Using puppets with children is an absolute must. The shyest most unsettled children will always identify with puppets! From babies upwards, it always fascinates me how children engage and even communicate with puppets. I’m sure they know they aren’t real but children don’t really care about that and I find it really helps them express their emotions – even the ones who are a little boisterous. Here are some ways you can use puppets for songs and rhymes
Over the years my puppet collection has grown. I love puppets and have quite a lot ranging from finger puppets to pop up puppets to larger hand puppets. I mainly have animal puppets as I prefer those but it doesn’t matter because all puppets have feelings you know!
Puppets are engaging
If you have ever used puppets with children you will know how much children interact with them, are fascinated by them (even if they don’t want to go near or touch them) and believe in them. Puppets make things come alive, they can show emotion and feel, they can perform many actions and often surprise us. Puppets are great if you are having problems getting children to engage with you and let’s face it some children do have preferences as to which adults they like or don’t like. Puppets are a winner in breaking down barriers they are also an excellent resource for teaching music.
There are different types of puppets and it is worth getting a selection to use: pop-ups, finger puppets, hand puppets, living puppets (people) and marionettes. I mainly use the first three listed as they are easy to use and children can also use them. I rarely use people puppets however I do have one!
One of my puppets is a pop up mouse (he lives in cheese) I use this when we are singing songs with two pitches to show the high and low pitch. The kids love watching the mouse pop up and I try to get the older children to pop up in time with the mouse and hide away again when I am singing. They can also have a go at operating Mister Mouse themselves as the other children follow. This is a great activity for finding out whether a child has understood the concept of high and low and having them demonstrate means they are solidifying their knowledge – teaching others is a great way of doing this.
In one of my previous blogs I wrote a couple of really good rhymes and songs for children which can help with developing language skills. The Rat a Tat Tat rhyme just wouldn’t be the same without my beautiful hand cat puppet (he has scratchy paws!). Children really identify with the cat and as I say my rhyme, in my voice and a cat’s voice, the children find it hilarious but I can also see them identifying with the emotions in the rhyme too.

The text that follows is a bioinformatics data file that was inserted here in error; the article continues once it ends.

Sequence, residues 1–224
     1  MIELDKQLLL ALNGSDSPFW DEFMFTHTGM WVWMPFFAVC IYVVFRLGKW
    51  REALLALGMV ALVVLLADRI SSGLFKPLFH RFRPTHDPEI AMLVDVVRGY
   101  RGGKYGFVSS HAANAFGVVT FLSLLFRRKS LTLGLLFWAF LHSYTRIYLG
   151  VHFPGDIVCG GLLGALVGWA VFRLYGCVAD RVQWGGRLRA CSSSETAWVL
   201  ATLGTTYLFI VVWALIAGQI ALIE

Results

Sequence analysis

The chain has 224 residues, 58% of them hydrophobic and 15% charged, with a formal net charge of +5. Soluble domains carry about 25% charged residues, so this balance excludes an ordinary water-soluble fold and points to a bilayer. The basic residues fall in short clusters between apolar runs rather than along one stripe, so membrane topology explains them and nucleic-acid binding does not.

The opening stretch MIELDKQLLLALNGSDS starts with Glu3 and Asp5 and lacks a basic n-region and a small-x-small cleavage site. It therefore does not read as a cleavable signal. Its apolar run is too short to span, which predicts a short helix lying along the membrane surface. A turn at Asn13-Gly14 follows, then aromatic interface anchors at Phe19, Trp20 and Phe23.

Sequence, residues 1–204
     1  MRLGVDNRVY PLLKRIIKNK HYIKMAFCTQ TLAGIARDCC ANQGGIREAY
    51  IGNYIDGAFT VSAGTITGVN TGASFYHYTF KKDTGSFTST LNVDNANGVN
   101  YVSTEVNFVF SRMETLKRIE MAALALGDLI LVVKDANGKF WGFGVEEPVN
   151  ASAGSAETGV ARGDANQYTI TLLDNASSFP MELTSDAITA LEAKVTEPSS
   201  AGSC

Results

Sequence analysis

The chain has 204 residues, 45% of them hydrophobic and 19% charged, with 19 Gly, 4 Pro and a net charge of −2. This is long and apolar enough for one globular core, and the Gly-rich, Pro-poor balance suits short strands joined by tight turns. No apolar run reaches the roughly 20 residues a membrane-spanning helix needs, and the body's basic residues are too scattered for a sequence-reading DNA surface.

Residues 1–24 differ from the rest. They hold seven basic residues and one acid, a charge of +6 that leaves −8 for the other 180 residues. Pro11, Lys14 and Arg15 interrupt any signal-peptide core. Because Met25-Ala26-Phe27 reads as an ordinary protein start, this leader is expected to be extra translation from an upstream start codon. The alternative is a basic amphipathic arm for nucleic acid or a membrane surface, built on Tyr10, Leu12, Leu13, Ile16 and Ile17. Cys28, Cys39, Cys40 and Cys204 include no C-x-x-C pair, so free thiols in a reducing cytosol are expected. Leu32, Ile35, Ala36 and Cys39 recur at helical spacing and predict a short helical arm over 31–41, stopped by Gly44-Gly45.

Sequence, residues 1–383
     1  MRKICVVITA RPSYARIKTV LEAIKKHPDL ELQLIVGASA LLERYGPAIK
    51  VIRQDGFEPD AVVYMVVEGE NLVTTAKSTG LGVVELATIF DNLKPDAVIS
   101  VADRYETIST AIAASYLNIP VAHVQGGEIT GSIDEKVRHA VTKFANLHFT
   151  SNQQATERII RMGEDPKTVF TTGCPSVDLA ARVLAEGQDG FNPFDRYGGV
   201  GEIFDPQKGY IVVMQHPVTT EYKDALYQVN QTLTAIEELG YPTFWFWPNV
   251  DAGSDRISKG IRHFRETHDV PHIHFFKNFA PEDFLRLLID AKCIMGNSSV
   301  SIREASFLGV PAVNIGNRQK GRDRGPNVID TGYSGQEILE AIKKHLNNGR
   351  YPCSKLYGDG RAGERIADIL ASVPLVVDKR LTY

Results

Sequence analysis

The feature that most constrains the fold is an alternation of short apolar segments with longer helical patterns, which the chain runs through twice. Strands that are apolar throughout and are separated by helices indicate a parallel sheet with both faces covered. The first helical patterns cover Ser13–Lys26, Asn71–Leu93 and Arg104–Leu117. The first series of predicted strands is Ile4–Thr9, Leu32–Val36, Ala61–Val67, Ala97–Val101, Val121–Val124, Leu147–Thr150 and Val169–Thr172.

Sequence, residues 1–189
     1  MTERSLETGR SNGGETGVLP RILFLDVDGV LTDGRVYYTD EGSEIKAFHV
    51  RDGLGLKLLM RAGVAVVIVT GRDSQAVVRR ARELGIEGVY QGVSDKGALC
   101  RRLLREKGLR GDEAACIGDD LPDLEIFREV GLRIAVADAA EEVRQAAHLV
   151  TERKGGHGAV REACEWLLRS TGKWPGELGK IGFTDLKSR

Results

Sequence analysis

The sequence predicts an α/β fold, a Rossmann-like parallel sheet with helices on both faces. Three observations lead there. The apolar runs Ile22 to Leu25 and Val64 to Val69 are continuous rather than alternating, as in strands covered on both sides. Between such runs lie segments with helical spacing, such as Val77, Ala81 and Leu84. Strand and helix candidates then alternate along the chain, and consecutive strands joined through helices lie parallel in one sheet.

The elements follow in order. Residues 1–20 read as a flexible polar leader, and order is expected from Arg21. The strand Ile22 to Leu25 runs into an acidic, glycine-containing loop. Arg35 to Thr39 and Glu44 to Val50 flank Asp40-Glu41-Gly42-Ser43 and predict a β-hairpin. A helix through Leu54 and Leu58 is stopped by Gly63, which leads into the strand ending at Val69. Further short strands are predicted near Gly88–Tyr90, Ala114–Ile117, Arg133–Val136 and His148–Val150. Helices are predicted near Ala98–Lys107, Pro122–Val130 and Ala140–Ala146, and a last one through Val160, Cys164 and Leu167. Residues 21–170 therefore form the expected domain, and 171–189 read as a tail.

I use my cat a lot – in fact I have two identical ones who help me with a whole host of rhymes. This one is particularly good for exploring different voices…
Leader: Can you use your speaking voice?
Children: Yes we can, yes we can
The idea is that the children answer back in which ever voice you have said e.g. speaking, high, low, loud, whisper and singing (this one I use last). You can also have a range of other voices that are silly robot, squeaky, alien etc. The main idea behind this though is that we are developing musical concepts – dynamics, pitch etc.
The use of puppets helps the children know when it is their turn to answer. The cats turn away when I am speaking and face the children when it is their turn. This is a great way to get children to focus.
Finger puppets are very useful; they are easy to use with small hands. In my cupboard I have sets of bees, butterflies, mice, cats, birds, flowers and then a selection of different ones.
I use them with many rhymes and songs: Bumble Bee; Flutter, Flutter, Hickory Dickory, Dock, Pussycat, Pussycat, Four little flowers and also for children to get creative with. In a previous post I mentioned about creating a new rhyme from Jelly on a plate http://www.cossinsmusicschool.co.uk/how-songs-can-encourage-creativity/
Finger puppets are really useful to help spark imagination. For instance I picked out Humpty Dumpty and created:
Humpty on a wall
Humpty on a wall
Don’t fall over, don’t fall over
Humpty on a wall
Buy a Humpty Dumpty puppet here
Puppets for showing conversation
Hand puppets or finger puppets are great for showing conversation within songs. As I mentioned earlier about my cat in Rat a Tat Tat . One of my favourite conversational songs is Doggie, Doggie. It is actually a question and answer song which helps children understand that answers follow questions. I have also found this particularly useful in drama sessions with older students to demonstrate that answers do not come immediately after a question but that there is a slight pause – people have thinking time before answering. Singing question and answer songs, forces children to wait before singing the answer as a real conversation would happen.
There are so many ways to use puppets and these are just a few! You need not buy them either, making puppets can be fun and creative too. Here are a couple of templates for you to print out and colour in. Make sure you read my other posts for song ideas and how to use them!